Letters to the Editor

  • Wednesday January 18, 2012
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Letters to the Editor

Gay seniors and bathhouses

As a gay male septuagenarian and "second generation" San Francisco queer (i.e., one who became active in the community in the 1960s and 1970s as opposed to those who settled here in the 1940s and 1950s as a consequence of World War II, the "first generation"), I welcome the hearings that Supervisors David Campos, Scott Wiener, and Christina Olague anticipate with respect to the circumstances of aging LGBTs ["It's about time (to focus on LGBT seniors)," Guest Opinion, January 12].

Such hearings might also serve to inform the newer leadership of how rich gay life " if not LBT as well " was prior to the HIV/AIDS pandemic that brought on our now more conservative and assimilationist politics.

One thing this supervisorial threesome could do for aging gay and bisexual men right now " and without further hearings " is to make clear the right of gay bathhouses to operate again in San Francisco. Although over a decade ago the efforts of Community for Sexual Privacy were largely successful in obtaining endorsement for ending the ban on privacy in sex clubs " the ban that keeps traditional gay bathhouses closed " then-Health Director Dr. Mitch Katz quashed any reopening by rejecting the vote of the HIV Prevention Planning Council to end the privacy ban. However, since Katz's departure to Los Angeles last year has made him history, it might be possible to make his own history of having perpetuated the scapegoating of bathhouses history, too.

It is absurd that 21 years after the court order that banned privacy in gay bathhouses has expired, aging gay men, or any of San Francisco's gay or bisexual men for that matter, should have to travel to Berkeley or San Jose to visit a bathhouse. In the absence of any initiative to end the ban, I hope a fourth generation of gay and bisexual gay men make bathhouse reopening a priority. Why not start with these hearings?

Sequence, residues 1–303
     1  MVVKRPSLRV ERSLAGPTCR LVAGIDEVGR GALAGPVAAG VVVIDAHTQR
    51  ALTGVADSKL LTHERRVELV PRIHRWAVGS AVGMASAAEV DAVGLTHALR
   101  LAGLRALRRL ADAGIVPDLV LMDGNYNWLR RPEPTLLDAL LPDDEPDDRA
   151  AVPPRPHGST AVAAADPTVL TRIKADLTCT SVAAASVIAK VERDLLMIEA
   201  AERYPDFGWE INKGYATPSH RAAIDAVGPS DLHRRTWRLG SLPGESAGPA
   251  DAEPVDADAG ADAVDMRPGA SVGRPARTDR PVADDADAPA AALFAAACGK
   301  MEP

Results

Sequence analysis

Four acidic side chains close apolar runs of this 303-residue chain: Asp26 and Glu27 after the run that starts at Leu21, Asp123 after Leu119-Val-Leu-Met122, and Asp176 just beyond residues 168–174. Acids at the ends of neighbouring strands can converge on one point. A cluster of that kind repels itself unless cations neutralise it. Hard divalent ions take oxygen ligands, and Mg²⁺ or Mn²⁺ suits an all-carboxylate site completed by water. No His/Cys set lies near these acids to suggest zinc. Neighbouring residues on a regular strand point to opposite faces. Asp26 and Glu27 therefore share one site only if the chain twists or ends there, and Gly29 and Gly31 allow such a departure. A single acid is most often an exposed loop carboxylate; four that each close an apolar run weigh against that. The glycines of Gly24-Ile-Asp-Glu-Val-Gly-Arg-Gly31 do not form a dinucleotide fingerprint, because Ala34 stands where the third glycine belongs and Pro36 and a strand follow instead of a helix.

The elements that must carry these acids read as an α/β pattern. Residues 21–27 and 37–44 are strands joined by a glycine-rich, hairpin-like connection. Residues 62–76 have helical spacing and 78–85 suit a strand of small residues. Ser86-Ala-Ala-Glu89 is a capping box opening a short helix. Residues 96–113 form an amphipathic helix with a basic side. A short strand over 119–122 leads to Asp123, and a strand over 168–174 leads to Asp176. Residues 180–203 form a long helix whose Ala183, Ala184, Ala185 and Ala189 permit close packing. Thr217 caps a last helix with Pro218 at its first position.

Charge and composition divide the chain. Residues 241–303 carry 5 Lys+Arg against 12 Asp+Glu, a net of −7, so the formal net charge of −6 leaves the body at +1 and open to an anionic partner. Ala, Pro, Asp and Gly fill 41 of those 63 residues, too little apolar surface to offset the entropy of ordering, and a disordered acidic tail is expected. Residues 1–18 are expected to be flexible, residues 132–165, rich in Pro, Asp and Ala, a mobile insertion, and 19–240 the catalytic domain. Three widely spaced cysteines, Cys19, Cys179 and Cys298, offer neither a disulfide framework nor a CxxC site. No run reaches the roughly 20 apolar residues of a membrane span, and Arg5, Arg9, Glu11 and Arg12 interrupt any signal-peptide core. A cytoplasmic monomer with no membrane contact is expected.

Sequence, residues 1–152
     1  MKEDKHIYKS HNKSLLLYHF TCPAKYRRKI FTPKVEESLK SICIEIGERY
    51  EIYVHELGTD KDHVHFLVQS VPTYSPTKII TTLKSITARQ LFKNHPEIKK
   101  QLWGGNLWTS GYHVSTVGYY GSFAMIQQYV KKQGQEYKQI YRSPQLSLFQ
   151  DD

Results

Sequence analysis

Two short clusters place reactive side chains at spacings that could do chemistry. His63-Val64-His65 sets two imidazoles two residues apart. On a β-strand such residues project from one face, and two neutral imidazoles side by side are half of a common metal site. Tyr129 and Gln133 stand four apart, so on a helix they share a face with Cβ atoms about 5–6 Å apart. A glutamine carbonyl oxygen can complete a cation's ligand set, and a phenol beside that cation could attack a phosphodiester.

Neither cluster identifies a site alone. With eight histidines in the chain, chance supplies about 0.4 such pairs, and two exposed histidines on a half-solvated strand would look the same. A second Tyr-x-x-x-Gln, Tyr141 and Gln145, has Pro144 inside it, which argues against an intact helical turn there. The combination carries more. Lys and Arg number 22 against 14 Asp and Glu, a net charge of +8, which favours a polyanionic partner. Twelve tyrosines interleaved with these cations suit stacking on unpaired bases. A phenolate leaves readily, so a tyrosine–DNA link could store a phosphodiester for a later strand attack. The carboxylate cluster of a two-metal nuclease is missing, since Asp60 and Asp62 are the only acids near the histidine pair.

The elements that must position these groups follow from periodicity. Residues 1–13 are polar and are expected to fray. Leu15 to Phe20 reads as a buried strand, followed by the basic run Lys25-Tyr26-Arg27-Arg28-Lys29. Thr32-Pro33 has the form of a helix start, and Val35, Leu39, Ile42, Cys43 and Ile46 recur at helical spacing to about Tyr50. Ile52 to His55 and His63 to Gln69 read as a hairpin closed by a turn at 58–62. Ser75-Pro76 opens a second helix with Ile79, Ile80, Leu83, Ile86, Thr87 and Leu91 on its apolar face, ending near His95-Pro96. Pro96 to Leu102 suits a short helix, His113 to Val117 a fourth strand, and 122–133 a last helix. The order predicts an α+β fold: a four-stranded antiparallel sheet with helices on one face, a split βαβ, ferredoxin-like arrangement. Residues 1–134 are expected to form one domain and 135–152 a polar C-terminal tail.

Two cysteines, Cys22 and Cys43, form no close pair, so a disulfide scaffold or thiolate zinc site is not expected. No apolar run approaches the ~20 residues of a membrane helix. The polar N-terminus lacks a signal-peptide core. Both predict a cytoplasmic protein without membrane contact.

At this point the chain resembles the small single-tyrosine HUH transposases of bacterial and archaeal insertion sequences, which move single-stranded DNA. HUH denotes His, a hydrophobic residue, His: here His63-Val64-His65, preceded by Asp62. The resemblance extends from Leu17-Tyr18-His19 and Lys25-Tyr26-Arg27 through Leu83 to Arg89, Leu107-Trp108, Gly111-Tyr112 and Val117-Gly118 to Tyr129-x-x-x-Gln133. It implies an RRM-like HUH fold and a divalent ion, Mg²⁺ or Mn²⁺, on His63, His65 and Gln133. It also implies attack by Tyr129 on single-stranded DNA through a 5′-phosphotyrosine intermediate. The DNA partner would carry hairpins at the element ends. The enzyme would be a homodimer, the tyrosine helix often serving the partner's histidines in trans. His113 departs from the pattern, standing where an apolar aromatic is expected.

Reid Condit

San Francisco

Three issues confront LGBT seniors

Kudos to Supervisors David Campos, Scott Wiener and Christina Olague for co-sponsoring a hearing about the issues affecting LGBT seniors. Openhouse has been raising and addressing these issues since its founding in 1998. We have made great progress but much more needs to be done.

At least three major issues confront us. First, it is critical that we organize our community to be far better represented in the lotteries and wait lists that determine who will gain access to incredibly scarce affordable senior housing in San Francisco. With the elimination of redevelopment agencies and deep cuts in affordable housing at the federal level, Openhouse's development of our affordable senior housing community at 55 Laguna Street must be prioritized for city funding in this and future budget years. The construction of 110 units of affordable housing, welcoming to LGBT seniors, hangs in the balance.

Second, we must ensure that LGBT seniors have access to community-based services that support health, independence, civic engagement and quality of life. The Openhouse LGBT Community Services program has provided this kind of support to over 500 LGBT seniors in the last year. But our city contract to deliver these services covers only half the cost and is subject to yearly cuts as the city struggles with ever diminishing resourses.

Finally, we must work with our allied leaders and organizations across the continuum of care to ensure access for LGBT seniors who remain fearful of discrimination, misunderstanding, and compromised care. The Openhouse cultural competency training program " a product of years of collaborative work with LGBT aging organizations in the Bay Area " has made a significant impact over the years but the need far outstrips our capacity to deliver this critical training.

In these very challenging economic times, it is timely and appropriate to focus on the needs of this particularly vulnerable population and how we can work together to reduce isolation and continue to empower LGBT seniors to improve their overall health, well being, and economic security.